Slade School of Fine Art
University College London
Gary Stevens has worked predominantly with live performance since 1984. His background is in sculpture, installation and film and his projects reflect this diversity.
Box of Hours is a video installation inspired by illuminated manuscripts that illustrate seasonal activity and landscape. This work is a development of earlier installations commissioned by and first shown at Matt's Gallery, London: Slow Life, 2003, a five-screen video installation and Wake Up and Hide, 2007, a large-scale, two-screen, interactive video projection.
Future video projects include Containment, a limited sequence of repeating video images, which play on the representation of time in paintings and photography and Island where five performers invent relationships to conceptually tie themselves together to form a network. This work develops from ensemble work such as Flock, 2008, where the performers move as a mass with a strict programme governing their collective behaviour which holds them together like molecules or a flock of birds, and Ape, 2007 where three performers are inextricably linked by one rule, to copy and ape each other's behaviour. His work deals with problems of speech in performance operating in an art context, psychological integrity, artificial intelligence using low-tech models and duration while evading narrative. He ran a Performance Lab at Toynbee Studios from 1999 to 2009.
Containment 2017 - Estorick Collection of Modern Italian Art
In the context of the exhibition, Arte Povera: Italian Influence, British Responses, six looping videos are presented on recycled iPhones propped up on a small table. The videos in the installation are portraits of families in their own homes. There is a sense of a perpetual moment in time. The work plays on a time to breath and to contemplate in the apprehension of still imagery - whether in painting or photography - and of moving images, where time flows. Individual items are picked out and presented in isolation as a series of static frames, all of the same duration. The people and items are separated within the frame and united in the sequence. As the images repeat the accumulating effect is of a suspended moment in these domestic lives. Change is implied; an empty chair previously occupied could suggest that the person has simply moved to a different part of the room, but there is also a sense that they have gone. Their reinstatement does not relieve the sense of a precarious existence as they appear and disappear from view – as if they were flickering on and off. The moments are held but also seem to be continually slipping away – like sand through fingers. This simple strategy of conjoining images creates a conflicting mood, both celebrating a haven of ordinary life and an awareness that nothing remains the same.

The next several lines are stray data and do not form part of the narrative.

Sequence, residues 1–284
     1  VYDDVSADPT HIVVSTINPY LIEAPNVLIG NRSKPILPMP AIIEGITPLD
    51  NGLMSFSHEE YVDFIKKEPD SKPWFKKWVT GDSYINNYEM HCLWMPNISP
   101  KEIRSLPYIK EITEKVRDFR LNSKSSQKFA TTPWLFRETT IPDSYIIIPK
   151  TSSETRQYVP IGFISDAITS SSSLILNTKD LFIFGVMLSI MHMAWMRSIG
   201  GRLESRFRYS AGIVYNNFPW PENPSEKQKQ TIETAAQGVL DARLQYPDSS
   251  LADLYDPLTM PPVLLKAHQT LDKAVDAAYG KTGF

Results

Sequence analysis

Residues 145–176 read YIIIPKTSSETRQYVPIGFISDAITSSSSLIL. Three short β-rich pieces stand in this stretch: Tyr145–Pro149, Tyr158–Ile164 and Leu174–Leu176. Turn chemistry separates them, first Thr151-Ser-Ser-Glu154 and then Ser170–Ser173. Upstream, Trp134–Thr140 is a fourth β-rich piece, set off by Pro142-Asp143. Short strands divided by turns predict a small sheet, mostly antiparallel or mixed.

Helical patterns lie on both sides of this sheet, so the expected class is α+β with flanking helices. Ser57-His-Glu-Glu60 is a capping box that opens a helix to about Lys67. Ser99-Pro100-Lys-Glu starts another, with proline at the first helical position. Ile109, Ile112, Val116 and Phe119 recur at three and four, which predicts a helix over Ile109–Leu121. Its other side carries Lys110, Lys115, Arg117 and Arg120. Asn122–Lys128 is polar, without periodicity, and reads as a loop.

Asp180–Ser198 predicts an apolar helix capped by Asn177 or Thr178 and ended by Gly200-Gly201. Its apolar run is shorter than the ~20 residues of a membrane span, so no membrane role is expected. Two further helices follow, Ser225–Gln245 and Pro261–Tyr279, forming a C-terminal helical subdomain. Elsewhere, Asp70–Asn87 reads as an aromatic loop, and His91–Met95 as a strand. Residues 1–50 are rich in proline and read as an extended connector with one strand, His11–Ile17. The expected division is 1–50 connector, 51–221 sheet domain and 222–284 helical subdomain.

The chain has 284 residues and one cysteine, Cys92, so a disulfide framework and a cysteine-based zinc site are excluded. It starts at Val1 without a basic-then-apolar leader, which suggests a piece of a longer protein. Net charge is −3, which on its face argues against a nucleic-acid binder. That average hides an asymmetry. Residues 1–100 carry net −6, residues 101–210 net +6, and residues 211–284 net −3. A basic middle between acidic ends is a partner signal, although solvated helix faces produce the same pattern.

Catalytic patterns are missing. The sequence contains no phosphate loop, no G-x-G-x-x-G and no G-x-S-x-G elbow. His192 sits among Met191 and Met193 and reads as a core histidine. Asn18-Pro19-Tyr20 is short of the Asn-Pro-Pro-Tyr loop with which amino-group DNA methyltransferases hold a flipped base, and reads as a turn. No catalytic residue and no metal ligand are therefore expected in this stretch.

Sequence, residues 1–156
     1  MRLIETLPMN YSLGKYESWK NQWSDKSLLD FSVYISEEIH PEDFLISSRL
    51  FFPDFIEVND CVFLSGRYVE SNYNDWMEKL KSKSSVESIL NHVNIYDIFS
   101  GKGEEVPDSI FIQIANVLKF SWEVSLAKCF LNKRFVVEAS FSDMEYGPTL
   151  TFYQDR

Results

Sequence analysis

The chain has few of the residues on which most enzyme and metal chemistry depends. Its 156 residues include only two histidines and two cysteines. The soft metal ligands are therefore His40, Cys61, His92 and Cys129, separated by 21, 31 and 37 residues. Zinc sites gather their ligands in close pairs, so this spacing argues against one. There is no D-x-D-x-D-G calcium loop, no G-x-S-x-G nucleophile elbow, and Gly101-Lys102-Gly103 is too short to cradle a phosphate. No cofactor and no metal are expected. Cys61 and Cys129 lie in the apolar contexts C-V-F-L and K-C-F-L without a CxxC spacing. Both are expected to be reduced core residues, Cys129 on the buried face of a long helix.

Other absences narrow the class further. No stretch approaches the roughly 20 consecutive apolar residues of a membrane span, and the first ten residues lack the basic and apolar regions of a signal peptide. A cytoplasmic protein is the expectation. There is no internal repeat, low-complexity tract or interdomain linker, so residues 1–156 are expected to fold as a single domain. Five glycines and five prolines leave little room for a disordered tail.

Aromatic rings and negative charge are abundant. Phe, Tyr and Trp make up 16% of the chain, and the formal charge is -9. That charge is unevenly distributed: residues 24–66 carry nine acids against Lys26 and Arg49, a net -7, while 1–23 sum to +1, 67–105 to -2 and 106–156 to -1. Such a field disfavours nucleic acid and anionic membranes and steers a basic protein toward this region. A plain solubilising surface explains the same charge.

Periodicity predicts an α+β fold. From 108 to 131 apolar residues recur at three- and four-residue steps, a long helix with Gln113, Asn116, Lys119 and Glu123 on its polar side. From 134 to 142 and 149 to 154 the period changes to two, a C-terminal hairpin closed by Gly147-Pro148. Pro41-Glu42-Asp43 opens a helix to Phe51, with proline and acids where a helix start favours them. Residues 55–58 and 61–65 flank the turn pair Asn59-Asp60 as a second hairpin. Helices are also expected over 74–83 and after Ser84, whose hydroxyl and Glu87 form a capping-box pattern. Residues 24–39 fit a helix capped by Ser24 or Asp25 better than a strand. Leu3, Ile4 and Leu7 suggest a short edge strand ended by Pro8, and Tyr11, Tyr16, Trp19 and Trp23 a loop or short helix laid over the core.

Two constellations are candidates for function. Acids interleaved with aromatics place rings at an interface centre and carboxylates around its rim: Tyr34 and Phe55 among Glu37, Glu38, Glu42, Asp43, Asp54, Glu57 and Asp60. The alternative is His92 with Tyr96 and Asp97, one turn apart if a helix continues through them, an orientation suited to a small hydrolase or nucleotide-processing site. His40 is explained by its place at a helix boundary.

The six videos were made with: Frank and Ivy Stevens; David Ward, Judy Adam & Molly; Judith Williamson and Ian Hunt; Robin and Kathryn Klassnik; Nicky Childs, David Gopsill, Skye & Coco; Nic Sandiland, Yael Flexer, Alona and Eyal.
Containment 2017 - Griffin Gallery, 21 Evesham Street, London, W11 4AJ
Architecture as Metaphor. Six looping videos presented on recycled iPhones propped up on a table. Moments in domestic life are perpetuated.
Now and Again: Westgate, Southampton 2012 - Southampton City Art Gallery, Civic Centre, Southampton, Hampshire, SO14 7LP